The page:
Give yourself a break, teens: Look in the mirror to see your own worst critic
I was far different than anyone else at my school when I moved from Stillwater to Woodbury in 4th grade.
Stillwater and Woodbury are both suburban towns with little ethnic diversity. However, when I went to school in Stillwater, my classmates were too young to notice differences between themselves and their peers.
I arrived in Woodbury at the age when people noticed differences and began making friends who were similar to them. I didn’t follow their religion. I ate food that “smelled weird.” My two front teeth seemed to be at least a mile away from each other.
And I had a confused sense of humor: When my teacher talked about guerilla warfare, I heard gorilla warfare. I giggled until my teacher gave me one of those looks.
I also didn’t dress or work the way other girls did. While they wore Abercrombie & Fitch stitched across their chests, Hollister down their legs and Uggs on their feet, I was still letting my mom pick out clothes for me.
Everyone knows how that usually ends up: T-shirts emblazoned with “Daddy’s Girl” and butterflies in tacky shades of pink. At that point, the only thing I had going for me were my brains—which, let’s face it, only got attention when someone needed help during a group project.
I was alienated for two years, or at least until I switched off the regular public school course for middle school. Even at Math and Science Academy, a public charter school also in Woodbury, I clashed with a lot of popular students and, I’ll admit, had annoying tendencies.
Above all, I struggled with my self-image. My hair became less easy to manage. I had skin breakouts all the time. I thought I was fat. The smell of curry stuck to me no matter how hard I scrubbed. I still wore whatever my mom bought me. And, of course, I was still annoying-—my loud, high-pitched voice carried through the hallways with ease.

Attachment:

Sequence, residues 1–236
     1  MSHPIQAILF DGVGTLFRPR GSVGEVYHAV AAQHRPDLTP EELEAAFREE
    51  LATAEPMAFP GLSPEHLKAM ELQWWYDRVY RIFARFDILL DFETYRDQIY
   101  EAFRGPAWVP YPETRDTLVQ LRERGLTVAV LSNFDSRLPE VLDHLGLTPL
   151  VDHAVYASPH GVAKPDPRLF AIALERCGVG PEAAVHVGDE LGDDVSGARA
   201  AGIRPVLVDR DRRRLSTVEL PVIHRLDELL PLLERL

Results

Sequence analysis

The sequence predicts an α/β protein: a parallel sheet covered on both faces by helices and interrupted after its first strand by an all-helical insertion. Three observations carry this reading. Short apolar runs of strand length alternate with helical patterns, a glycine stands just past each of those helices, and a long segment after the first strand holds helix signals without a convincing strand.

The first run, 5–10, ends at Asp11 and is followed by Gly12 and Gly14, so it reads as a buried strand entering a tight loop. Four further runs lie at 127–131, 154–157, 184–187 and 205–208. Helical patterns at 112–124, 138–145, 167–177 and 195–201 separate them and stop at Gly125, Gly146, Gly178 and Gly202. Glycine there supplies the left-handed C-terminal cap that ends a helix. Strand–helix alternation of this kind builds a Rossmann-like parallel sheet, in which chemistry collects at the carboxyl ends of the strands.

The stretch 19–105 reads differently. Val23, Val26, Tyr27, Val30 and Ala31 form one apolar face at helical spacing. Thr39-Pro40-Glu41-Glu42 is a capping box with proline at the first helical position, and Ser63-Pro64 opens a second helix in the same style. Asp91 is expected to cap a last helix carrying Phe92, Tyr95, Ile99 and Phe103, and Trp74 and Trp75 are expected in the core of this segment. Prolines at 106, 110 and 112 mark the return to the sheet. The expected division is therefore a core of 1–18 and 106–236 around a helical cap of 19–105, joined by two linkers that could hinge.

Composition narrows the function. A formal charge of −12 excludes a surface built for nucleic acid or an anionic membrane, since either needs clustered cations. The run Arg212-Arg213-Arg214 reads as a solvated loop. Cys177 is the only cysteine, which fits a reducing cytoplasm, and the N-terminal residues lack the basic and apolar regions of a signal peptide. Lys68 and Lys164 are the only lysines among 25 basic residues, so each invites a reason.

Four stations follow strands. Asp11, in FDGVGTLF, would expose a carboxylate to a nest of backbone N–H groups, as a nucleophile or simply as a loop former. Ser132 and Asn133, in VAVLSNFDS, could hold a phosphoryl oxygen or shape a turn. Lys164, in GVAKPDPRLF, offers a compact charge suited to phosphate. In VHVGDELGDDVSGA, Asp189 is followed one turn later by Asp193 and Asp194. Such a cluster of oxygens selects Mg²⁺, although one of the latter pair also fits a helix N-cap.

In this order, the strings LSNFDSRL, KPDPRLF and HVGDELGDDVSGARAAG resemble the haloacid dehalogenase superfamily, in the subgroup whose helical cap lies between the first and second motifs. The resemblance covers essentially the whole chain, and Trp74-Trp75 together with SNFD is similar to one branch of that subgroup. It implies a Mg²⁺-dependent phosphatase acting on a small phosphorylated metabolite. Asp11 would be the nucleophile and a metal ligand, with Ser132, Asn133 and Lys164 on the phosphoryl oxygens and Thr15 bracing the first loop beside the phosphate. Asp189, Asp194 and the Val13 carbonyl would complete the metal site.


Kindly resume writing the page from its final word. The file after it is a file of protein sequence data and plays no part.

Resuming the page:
Except my close friends always contradicted me and said I was being too hard on myself. Everything negative I had to say was me being my own worst enemy. Just stop it, right?
Then they turned around and criticized themselves. But that’s stupid, I thought. All my friends are hilarious! They’re smart! They’re great people!
That’s when I caught it: Everyone is his or her own worst critic. No one spends as much time with you as—well, you — so you’re always going judge yourself the harshest.
Society makes it so that magazines tell girls that they need to be skinny and have an unattainably perfect face with clear skin. They need to be demure, funny, confident, sweet, smart—actually, maybe not so smart—all these things that cannot be combined into a single person. We know the “perfect” girl in the magazine doesn’t actually exist, yet we feel pressure to look like that.
Guys have pressures too. Men are supposed to be emotionless, strong-willed, protective, intelligent, outdoorsy and physically buff. It doesn’t help that both genders start feeling contradictory pressures from elementary school on.
Last summer, I had to do something with my time. Colleges don’t want teenagers who sit around and watch TV for hours on end. I had no passion for the engineering camp my parents were pushing me towards. Instead, I preferred writing.
That’s how I ended up applying for a journalism camp. All ten of us were from different parts of Minnesota, representative of different cultures. Nobody even listened to remotely the same music as the next person. But the first three days cleared and all of us became good friends.
I felt appreciated and wanted that feeling to spread to everything else I did. I didn’t want to feel like I did before. There’s nothing to romanticize about depression or self-hatred.
Because I’m young, it feels like everything that goes wrong is the end of the world. But I realize that one day all my current problems will seem trivial.
I worked hard to change the way I react to self-criticism. But it took weeks to sink in, and I still don’t entirely believe it. Sometimes I look in the mirror and think, “Oh god, my nose is huge.” But then I immediately dash that thought.
“I don’t care,” I tell myself. “Never mind my nose. No one’s paying attention to that, anyway.”
I can still look back at something I said an hour ago and deeply regret saying it. Then I realize, eh, in a few years the only person who’s going to remember I said that will be me.
And most likely, unless it was something amazing, even I’ll probably forget.